Day 4: Tuesday 9th
Got up at 5.30 today to the dawn chorus. The Psion couldn't really capture it though I tried.
We left about 8.30am, back out through Lemoncove. The day is really sunny now, with a bit of haze, and the views of the mountains are really beautiful.
The long trip back past Bakersville an on to Mojave I spent in the back of the van, often lying on the back seat, which gave me the opportunity for a snooze and let me se more out of the windows too! We stopped briefly in Mojave for food, which now looks very civilised, but was once the railhead for Borax being shipped from the Death Valley mines. Lunch was at Red Rock, which is a small campground where the rock formations are streaked in almost vermillion rocks.
We arrived in the Panamint valley after another drive; at first sight it seemed much like any other, but this valley was huge. The dry, almost flat basin stretches out for miles. It took us an hour to travel from near one end to the turnoff for Panamint Springs, at about 70 mph... and there is a lot more. The air is so clear here it seems sometimes like you can reach out and touch something which is really 20 miles away.
The trip over the Panamint range was impressive. The road climbs up almost 5000 feet in about 3 miles, In some of the passes vehicles are advised to switch off air conditioning because the engine wouldn't cope. All of them have regular (1 mile) radiator water tanks in case things go wrong. We came down the other side to a view of the Death Valley sand dunes. Moving on, we set out on the 30 odd miles to the oasis at Furnace creek and on to Badwater, the lowest point in the western hemisphere. We walked out over the saltflats, which were quite hot - I didn't go all the way out as I was worried about being sunburnt in the very strong sun. It didn't last long though - the clouds were already looming over the western range, Back in the bus, we set off back towards Furnace creek. Pretty soon after I saw the first lightening strike, and it was obvious that rain was falling on the slopes. The storm hadn't reached us by the time we got to the Artists Palette rocks, high up on the slopes of the eastern range. They are coloured with various minerals, from vermillion green to red, with patches of turquoise thrown in too. Back on the road, we travelled through an amazingly tortuous set of canyons and crags. In some places the road was only just wider than the van, with almost vertical sides.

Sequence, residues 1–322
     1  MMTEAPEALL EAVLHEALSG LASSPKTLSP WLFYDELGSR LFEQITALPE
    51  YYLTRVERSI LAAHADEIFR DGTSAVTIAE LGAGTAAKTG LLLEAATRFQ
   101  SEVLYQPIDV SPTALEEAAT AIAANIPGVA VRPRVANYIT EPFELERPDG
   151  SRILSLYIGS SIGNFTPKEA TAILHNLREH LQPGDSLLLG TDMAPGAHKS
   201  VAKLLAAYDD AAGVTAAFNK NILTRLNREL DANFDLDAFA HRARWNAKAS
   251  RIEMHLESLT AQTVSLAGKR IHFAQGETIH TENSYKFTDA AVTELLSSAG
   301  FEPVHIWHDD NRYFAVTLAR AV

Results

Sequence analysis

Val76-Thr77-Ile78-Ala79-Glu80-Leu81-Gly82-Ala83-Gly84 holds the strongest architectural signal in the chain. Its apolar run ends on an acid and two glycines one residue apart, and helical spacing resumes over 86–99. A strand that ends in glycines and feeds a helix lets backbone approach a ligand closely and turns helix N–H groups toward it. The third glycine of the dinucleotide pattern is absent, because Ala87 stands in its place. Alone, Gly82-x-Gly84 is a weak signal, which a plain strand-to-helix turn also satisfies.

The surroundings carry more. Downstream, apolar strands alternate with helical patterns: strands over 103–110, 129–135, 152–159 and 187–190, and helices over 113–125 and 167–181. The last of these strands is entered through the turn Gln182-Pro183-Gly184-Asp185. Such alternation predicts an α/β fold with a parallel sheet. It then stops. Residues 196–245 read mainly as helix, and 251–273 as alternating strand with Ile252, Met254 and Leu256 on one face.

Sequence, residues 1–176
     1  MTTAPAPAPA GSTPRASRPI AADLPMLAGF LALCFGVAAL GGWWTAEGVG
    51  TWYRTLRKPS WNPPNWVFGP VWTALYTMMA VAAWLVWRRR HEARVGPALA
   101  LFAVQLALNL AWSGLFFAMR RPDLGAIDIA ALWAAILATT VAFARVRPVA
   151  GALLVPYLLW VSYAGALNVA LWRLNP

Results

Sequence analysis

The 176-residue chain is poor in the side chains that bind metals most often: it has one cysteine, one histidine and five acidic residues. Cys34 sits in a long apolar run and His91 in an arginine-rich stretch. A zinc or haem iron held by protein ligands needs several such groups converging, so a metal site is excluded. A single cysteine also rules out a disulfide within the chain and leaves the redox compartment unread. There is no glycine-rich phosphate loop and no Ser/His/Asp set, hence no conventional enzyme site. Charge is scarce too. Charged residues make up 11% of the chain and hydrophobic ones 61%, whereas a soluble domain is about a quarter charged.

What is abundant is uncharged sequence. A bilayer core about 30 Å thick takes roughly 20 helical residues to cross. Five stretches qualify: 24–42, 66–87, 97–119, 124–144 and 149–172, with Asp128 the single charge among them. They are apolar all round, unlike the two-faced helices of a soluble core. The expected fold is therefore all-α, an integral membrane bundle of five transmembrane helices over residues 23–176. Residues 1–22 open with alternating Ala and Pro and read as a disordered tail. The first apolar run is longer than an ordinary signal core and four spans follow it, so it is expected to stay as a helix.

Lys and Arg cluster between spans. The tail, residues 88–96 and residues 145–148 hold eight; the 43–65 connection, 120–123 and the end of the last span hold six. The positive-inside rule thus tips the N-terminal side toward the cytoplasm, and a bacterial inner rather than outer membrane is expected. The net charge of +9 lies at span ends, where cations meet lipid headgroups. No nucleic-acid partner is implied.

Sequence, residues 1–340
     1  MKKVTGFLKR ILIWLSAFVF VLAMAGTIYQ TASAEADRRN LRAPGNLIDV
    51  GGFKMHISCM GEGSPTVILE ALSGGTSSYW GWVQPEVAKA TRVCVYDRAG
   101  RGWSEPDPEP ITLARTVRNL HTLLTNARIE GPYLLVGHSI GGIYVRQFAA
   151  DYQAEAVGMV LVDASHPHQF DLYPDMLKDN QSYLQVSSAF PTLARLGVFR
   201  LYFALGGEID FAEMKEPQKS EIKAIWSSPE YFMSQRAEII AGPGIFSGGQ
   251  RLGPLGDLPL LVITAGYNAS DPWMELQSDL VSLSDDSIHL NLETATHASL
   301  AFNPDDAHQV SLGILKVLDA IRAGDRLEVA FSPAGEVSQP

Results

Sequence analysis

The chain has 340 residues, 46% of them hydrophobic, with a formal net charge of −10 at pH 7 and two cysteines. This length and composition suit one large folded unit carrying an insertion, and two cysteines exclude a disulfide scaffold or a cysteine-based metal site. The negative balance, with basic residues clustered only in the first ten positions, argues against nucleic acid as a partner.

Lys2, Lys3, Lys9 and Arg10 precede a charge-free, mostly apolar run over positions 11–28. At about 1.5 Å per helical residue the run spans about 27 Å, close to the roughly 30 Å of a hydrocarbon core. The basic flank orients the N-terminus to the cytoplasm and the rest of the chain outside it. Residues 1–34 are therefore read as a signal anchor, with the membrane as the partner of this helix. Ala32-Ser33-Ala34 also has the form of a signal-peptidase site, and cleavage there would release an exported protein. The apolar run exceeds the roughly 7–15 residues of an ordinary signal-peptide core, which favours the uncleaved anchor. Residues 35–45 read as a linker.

The storm was really brewing now and as we entered the campsite at F.C. the wind was getting up. Camp was set up quite hurridly this time so the things were dry inside the tents if it rained, but as it turned out very little rain fell on us although it was wind until past midnight. We eventually had supper when the wind died, Bruno making us stir fried beg and brown rice, but it wasn't that great - the rice was stodgy and the veg overcooked. Never mind. We drank and joked on into the night, ending up playing a game in which you linked arms and put hands on the table; the idea was to sequentially send a 'pat' round the table, but of course between any one person's two hands are the hands of two other people. If you got it wrong, you had to take a drink.
Another game was played with dice - a person rolls the dice in secret, and tells the next person what the roll was - but they can (or even have to) lie, as they can not give a number less than the person before, even if it was rolled.
I flaked out a little after 11pm, and hit the sack only a little before the others. I seem to be getting over the jet lag, and I didn't really wake till 6.30 - quite late by recent standards!
Day 5: Wednesday 10th
We packed, and set off for the visitor centre. The museum of borax at the Furnace Ranch, which records the original borax mines in the valley, was quite interesting; the mule teams they used to get the borax out (20 tons at a load) were 2 horses and 8 mules. They were guided with a trace running up the side of the team - a couple of tugs for right and a pull for left. Moreover, the mules nearest the wagons were trained to step right when going left to keep the trace in order!
I found a good book on the valley in the centre, and managed to call mum & dad before we set off for Zabriskie Point and the road to Las Vegas.